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10 things your social media policy should include

22/11/2019

Having a clearly defined social media policy is essential for brands with a multi-channel presence.

There's no doubting the power of social media. Most of us scroll on our phones laughing at memes and falling for clickbait on a regular, possibly unhealthy, basis.

Businesses, too, recognise the high value of growing a social media following in the battle to build brand loyalty and drive sales. 60% of UK businesses now have a social media presence and see it as a vital way of communicating with customers according to company formation experts Turnerlittle.

Facebook, LinkedIn, Twitter and Instagram provide businesses with a huge opportunity to talk directly to their audience. But in the rush to grab a bigger slice of the social media pie, things aren't always properly policed and can quickly run out of control.

Let's face it, it's a vast digital world out there and like it or not, your staff is part of it. So how do you keep a tight rein on what they post? How do you control the potentially uncontrollable? The answer, or at least part of it, is a social media policy.

What is a social media policy?

Most companies have an internet and email usage policy but don’t consider social media as a separate thing. However, it should be differentiated. That's because the risks are new, and existing HR policies are unlikely to address the potential for an employee’s blog, tweet or post placing a company in a difficult position.

Put simply, a social media policy provides a set of guidelines for your company's social media usage. It covers not only the way your company uses established channels for brand building but also how employees use social media, both at work and in their personal life. It's like a code of conduct.

First things first

So where do you start? Thankfully it’s not that difficult. We recently rolled out our own social media policy and found there are resources aplenty on the internet (where else?) to get you started.

We wanted ours to be fairly broad and outline our corporate guidelines and principles of communicating online. It’s possible you may want yours to be more channel-specific – so, for example, a Facebook policy, a personal Twitter policy, blog and commenting policy, a LinkedIn policy etc.

We found it really useful to engage the social media gurus among our staff to help put the policy together too. After all, social media is defined by sharing and collaboration, and your policy should reflect that. Try not to be too dictatorial in tone either – ideally, the emphasis should be more on best practice and what employees can do rather what they can’t.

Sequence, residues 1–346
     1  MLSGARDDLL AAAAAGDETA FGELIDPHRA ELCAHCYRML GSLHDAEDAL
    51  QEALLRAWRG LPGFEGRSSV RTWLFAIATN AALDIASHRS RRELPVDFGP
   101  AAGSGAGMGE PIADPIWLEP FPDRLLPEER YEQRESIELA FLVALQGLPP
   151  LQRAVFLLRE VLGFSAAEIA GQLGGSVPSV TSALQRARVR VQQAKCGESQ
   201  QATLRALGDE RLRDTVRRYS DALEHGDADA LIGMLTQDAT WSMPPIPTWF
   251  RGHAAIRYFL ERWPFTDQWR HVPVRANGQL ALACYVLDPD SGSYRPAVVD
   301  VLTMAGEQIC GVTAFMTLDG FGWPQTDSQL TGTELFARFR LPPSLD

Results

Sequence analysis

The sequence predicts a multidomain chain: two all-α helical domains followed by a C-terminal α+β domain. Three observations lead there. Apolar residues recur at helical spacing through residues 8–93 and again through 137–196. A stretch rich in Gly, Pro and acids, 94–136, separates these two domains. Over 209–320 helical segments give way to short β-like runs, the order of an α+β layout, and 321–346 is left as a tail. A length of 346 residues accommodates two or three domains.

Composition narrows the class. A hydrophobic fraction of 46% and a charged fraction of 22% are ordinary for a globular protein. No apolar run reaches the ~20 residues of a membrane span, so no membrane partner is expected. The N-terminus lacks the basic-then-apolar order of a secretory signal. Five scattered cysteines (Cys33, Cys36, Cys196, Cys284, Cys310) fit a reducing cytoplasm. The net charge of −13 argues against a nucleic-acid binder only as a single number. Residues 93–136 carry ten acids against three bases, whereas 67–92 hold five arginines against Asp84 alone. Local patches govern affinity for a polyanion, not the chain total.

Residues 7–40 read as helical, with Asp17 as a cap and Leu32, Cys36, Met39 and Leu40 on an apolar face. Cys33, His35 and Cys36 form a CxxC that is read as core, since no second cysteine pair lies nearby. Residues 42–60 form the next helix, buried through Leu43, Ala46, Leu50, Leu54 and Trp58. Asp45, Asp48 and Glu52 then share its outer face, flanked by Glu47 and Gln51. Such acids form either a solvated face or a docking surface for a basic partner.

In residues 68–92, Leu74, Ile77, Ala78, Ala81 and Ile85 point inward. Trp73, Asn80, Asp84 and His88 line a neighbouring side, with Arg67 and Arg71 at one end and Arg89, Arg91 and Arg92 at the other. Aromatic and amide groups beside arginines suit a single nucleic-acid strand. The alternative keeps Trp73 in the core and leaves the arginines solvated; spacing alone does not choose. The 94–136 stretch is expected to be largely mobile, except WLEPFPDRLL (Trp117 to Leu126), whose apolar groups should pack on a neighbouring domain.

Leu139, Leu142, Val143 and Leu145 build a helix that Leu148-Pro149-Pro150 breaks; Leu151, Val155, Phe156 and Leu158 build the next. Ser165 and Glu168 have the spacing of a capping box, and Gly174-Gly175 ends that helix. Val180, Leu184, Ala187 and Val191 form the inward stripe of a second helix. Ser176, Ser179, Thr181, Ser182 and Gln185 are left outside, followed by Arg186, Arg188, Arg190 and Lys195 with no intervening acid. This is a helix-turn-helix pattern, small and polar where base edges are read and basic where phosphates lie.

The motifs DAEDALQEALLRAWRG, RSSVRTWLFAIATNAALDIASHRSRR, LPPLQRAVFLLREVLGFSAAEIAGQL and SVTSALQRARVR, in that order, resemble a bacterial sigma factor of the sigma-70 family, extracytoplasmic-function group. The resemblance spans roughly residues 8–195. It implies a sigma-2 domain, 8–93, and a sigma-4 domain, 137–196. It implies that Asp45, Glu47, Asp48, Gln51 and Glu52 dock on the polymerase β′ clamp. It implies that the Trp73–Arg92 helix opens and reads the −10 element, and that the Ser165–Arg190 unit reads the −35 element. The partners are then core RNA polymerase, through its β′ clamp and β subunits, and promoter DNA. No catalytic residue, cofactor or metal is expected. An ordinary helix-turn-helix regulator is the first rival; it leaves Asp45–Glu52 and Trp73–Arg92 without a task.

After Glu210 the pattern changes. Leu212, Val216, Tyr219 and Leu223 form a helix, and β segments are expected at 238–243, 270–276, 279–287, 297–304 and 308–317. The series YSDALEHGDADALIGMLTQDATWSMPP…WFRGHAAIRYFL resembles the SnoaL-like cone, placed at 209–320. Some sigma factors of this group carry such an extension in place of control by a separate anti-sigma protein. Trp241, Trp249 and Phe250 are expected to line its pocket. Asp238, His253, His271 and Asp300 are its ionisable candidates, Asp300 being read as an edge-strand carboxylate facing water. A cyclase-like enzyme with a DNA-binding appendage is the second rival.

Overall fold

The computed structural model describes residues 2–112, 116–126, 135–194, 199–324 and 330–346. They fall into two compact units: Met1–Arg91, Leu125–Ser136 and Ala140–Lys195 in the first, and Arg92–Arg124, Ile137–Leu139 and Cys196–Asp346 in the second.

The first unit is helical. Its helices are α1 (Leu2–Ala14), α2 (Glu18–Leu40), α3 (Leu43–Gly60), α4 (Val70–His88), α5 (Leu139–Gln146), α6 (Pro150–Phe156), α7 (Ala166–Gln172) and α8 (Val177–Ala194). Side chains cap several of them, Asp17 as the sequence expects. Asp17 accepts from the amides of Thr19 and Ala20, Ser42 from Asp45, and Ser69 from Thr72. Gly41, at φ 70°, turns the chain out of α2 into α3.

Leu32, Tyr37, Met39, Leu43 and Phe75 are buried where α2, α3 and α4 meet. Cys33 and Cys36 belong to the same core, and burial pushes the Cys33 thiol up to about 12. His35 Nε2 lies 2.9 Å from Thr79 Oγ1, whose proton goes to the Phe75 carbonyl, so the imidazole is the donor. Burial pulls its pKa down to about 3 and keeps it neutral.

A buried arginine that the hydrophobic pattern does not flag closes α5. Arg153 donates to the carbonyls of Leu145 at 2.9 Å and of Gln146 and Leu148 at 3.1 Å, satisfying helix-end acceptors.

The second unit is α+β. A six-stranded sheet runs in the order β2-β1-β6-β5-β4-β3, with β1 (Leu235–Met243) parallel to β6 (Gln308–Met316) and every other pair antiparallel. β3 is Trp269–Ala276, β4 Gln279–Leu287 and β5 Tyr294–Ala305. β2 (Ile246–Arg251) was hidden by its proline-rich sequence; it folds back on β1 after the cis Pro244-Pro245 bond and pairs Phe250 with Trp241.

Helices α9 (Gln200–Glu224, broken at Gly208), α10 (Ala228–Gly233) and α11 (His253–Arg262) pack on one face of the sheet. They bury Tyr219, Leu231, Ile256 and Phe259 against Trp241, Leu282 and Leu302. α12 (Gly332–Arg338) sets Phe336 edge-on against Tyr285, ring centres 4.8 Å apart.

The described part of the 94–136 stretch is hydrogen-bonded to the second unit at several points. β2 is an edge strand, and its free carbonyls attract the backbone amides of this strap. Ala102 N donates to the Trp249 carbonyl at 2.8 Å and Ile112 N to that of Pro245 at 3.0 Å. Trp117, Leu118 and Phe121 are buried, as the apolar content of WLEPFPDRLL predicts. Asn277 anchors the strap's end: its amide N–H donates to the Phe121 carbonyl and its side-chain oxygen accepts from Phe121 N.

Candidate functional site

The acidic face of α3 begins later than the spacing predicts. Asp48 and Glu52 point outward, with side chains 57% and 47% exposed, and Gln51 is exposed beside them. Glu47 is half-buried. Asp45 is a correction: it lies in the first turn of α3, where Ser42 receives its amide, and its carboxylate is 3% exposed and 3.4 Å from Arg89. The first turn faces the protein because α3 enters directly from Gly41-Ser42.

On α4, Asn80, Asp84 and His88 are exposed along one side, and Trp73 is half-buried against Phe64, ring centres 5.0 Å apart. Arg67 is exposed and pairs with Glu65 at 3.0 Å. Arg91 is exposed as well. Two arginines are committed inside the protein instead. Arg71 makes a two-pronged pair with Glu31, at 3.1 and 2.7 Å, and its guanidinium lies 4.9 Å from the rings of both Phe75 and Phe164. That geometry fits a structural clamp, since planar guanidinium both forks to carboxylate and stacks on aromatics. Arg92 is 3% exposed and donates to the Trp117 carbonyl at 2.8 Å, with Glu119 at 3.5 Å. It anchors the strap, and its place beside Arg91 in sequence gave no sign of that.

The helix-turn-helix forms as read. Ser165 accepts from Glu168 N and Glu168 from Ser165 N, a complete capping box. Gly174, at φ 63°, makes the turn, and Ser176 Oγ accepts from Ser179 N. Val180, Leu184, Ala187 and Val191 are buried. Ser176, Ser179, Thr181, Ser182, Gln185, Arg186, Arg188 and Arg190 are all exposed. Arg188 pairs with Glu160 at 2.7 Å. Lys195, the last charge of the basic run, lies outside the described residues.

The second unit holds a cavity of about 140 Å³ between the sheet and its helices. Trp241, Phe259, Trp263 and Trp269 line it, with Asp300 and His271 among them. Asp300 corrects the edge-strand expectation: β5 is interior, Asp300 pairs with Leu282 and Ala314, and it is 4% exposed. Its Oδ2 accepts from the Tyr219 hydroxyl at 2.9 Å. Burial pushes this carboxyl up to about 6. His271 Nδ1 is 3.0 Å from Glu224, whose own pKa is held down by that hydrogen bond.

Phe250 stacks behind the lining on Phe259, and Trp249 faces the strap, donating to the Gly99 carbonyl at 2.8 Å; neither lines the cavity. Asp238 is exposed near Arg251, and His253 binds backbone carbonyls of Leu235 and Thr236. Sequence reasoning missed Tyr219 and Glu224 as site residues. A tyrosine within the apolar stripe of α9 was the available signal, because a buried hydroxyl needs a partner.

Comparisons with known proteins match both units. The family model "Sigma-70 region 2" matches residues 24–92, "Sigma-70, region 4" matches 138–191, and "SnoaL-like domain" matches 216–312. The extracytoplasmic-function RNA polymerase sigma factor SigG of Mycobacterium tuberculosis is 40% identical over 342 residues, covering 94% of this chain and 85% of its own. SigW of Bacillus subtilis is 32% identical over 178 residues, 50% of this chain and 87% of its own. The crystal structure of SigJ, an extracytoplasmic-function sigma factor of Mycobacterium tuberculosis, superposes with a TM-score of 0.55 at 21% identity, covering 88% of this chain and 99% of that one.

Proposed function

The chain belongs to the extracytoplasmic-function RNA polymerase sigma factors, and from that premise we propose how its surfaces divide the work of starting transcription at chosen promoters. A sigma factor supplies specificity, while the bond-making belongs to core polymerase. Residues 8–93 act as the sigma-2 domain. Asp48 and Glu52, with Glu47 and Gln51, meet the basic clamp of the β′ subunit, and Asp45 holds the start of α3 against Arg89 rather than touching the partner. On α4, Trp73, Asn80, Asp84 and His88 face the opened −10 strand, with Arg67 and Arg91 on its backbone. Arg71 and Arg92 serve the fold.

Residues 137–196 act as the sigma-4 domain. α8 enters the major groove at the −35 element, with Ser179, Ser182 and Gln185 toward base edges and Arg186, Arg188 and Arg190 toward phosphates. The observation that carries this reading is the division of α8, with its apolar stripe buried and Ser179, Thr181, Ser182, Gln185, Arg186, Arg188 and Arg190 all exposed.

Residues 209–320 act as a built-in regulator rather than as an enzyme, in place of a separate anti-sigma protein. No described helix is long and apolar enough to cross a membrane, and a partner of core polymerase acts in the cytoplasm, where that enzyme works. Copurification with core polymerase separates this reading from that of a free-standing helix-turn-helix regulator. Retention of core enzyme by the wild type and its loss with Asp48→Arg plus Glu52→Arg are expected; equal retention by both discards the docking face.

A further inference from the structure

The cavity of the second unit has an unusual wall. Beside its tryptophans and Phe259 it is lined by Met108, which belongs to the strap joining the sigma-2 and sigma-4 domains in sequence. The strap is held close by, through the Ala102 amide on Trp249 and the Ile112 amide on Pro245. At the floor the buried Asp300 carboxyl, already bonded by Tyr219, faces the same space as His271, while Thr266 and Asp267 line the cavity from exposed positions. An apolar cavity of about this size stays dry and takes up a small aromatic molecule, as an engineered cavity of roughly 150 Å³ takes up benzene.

10 essentials for your social media policy

Now our social media policy is successfully up and running, here's our top ten tips for what to do and what to include:

  1. Refer to the existing internet and email policies in your employee handbook. Remind staff to make sure they’re familiar with them, as well as their own responsibilities.
  2. State that the policy applies to social networking sites, multimedia and blogs for both professional and personal use.
  3. Include a reminder that online posts should not disclose information that’s confidential or proprietary to your company – or to a third party that’s disclosed information to you.
  4. If an employee comments on your company’s business, make sure they identify themselves as an employee.
  5. Ideally, employees should have a disclaimer that reads something like: ‘Views expressed are my own and do not necessarily reflect the views of [your company name]’.
  6. Company logos or trademarks should only be posted with permission.
  7. Posts by employees should always comply with copyright, privacy, fair use and financial disclosure laws.
  8. If posting on a forum, employees should declare they’re from your company; but should not claim or imply that they are speaking on the company’s behalf.
  9. A second-pair-of-eyes check or some other approval should be sought when an employee is blogging or posting about the company.
  10. Make clear that you reserve the right to veto certain subjects, withdraw posts and remove inappropriate comments.

If you want your policy to be watertight and foolproof, you’d do well to ask your solicitor to help customise it.

However you go about it, remember your employees are an amazing resource full of interesting opinions and insight, and it makes sense that they help promote your business online.

Clear guidelines as to how they should do that will ensure your brand is enhanced and your reputation protected. They'll also help you avoid the kind of social media mishaps that do your business much more harm than good.

Image used under license from Shutterstock.

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